NARI online certification: Make Connections with Social Media

Social media doesn't appear to be a fad. Designed to elicit interaction through Web-based platforms, three of the most popular social-media sites—LinkedIn, Facebook and Twitter—have exploded in popularity. For example, LinkedIn now has more than 100 million users; Facebook has more than 600 million users; and Twitter has more than 200 million users. Remodelers across the nation recognize the social-media phenomenon and are actively participating and reaping the benefits for their businesses.


LinkedIn was established in 2003 as a professional networking site. It allows a user to post his résumé online and connect with anyone he knows professionally. The site will make connection suggestions based on people the user knows. LinkedIn also features groups users can join to discuss issues within their industry. NARI has several national and local LinkedIn groups.

Chris Keilty, CR, business manager with Keilty Remodeling, Boise, Idaho, has been active on LinkedIn for more than two years. “As I got more involved and joined groups, I realized how informative it can be,” she says. “I learned different perspectives from remodelers across the country in regard to RRP and insurance issues.”

Although Keilty hasn't garnered any work for her company through LinkedIn, the site's groups have influenced her company's operations. “I posted a request for design software and got tons of information from group members. They offered ideas I hadn't thought of and free websites to check out. It's invaluable to not have to reinvent the wheel if you're trying something new. You can just ask people who are dealing with the same issues you are.”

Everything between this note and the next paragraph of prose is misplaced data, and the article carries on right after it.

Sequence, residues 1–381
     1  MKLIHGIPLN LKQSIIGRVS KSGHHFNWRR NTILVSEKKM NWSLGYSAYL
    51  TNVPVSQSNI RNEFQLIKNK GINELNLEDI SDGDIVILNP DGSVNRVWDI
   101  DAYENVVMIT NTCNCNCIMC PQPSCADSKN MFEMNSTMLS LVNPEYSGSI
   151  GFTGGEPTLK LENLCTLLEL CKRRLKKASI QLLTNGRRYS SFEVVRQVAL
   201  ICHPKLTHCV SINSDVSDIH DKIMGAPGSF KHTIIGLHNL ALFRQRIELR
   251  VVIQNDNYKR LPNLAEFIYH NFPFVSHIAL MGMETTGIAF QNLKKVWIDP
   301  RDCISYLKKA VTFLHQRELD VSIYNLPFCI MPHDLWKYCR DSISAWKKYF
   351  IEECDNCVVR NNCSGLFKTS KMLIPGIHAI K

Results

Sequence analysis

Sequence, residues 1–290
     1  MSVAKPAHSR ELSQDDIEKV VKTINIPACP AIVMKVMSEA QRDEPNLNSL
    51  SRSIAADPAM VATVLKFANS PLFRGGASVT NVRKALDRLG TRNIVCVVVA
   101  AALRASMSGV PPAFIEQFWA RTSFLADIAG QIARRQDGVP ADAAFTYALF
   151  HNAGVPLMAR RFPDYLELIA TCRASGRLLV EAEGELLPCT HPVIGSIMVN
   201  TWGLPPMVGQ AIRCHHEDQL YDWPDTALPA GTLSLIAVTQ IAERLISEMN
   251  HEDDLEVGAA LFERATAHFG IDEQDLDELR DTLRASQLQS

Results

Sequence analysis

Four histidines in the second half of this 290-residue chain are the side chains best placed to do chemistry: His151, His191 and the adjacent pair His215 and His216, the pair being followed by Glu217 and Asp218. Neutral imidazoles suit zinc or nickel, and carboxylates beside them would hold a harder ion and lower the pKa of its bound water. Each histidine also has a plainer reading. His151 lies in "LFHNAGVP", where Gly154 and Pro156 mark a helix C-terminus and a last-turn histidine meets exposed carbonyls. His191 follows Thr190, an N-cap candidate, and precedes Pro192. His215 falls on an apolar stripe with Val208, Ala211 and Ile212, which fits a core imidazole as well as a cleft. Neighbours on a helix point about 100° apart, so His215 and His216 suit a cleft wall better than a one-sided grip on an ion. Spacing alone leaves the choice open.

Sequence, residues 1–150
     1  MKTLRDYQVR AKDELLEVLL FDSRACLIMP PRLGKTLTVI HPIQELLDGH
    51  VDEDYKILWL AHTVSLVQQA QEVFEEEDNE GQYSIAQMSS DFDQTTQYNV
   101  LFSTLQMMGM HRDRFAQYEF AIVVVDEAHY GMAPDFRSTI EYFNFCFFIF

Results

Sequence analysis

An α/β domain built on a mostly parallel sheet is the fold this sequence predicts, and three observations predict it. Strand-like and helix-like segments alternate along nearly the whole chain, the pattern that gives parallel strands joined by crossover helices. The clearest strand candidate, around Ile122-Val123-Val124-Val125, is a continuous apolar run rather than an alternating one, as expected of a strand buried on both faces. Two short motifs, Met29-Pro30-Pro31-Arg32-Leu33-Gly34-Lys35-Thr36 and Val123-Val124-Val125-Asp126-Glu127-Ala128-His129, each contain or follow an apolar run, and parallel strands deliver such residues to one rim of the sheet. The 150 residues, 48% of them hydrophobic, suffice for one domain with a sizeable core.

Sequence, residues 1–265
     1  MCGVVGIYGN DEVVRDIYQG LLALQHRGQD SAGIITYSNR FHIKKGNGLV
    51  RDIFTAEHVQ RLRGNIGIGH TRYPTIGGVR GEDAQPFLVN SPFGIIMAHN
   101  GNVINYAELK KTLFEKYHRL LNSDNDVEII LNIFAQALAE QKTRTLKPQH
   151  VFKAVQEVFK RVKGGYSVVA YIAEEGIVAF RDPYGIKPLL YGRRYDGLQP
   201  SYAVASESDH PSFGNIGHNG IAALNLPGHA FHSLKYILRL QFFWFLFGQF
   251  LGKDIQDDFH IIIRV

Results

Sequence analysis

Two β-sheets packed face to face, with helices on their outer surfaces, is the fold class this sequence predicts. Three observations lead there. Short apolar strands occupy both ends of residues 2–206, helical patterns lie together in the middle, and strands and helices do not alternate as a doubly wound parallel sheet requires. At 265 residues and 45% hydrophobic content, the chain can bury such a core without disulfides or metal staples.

Facebook, which was established in 2004, allows users to connect and share information on a more personal level. Facebook users also can create business pages, which clients, friends and other interested parties can “Like” to receive the business's updates.

David West, owner of Meadowview Construction, Georgetown, Mass., has been active on Facebook for more than three years. His personal page relates to his business page but he recognizes the difference between them. “I don't make my personal page all about business because I don't want my friends to get tired of hearing about Meadowview Construction,” he says. “However, a lot of my friends became members of my business page so there has been cross-networking.”

In fact, the cross-networking has led to business for his company. “I'm doing a $130,000 job right now that I received from a friend on Facebook,” West notes. “The client found me because I went to high school with a guy who now is a real-estate agent. The client got to know me as a person on Facebook because I share so much about myself. I think it's better to show people who you are because if they are going to work with you they want to know you.”

West posts to his business page several times per day and believes varying the types of posts is essential. For example, he may write about a new product, upload photos from a jobsite with a question that will evoke responses, or offer cutting boards made in his shop as part of a contest. “I mix it up, so it's informative and hopefully fun,” he says. “You really want people to comment on things. If you're not posting on Facebook, you can't expect anyone to engage with you. If you see a post you really like, you should comment. If you're just on there trying to get business and not talking to other people, it won't work for you.”


Twitter was established in 2006 and probably is the least understood of the popular social-media sites. It allows users to “tweet,” or share their thoughts in 140 characters or less. Users can follow tweets of people and organizations that interest them. In addition, Twitter can be connected to Facebook and LinkedIn, so tweets appear on those sites, too.
Kurt Karhoff, president of Holland Remodeling & Building LLC, Rittman, Ohio, has been tweeting for about two years and believes it is a cost-effective avenue to reach potential clients and stay in front of current clients. Although he hasn't pinpointed any new business that has come from his Twitter activity, he tweets a variety of information, including homeowner tips, links to his company's newsletter, trivia and information about events, to keep his followers interested.

Karhoff recommends new users spend some time with Twitter and all social-media sites to understand how they work. “I think people have a fear of the unknown when it comes to social media,” he says. “Like anything else, it requires a time investment to figure out how your business can benefit. It may take six months to figure out how you can use it for your business, but it will come through. It's just a matter of putting some effort into it."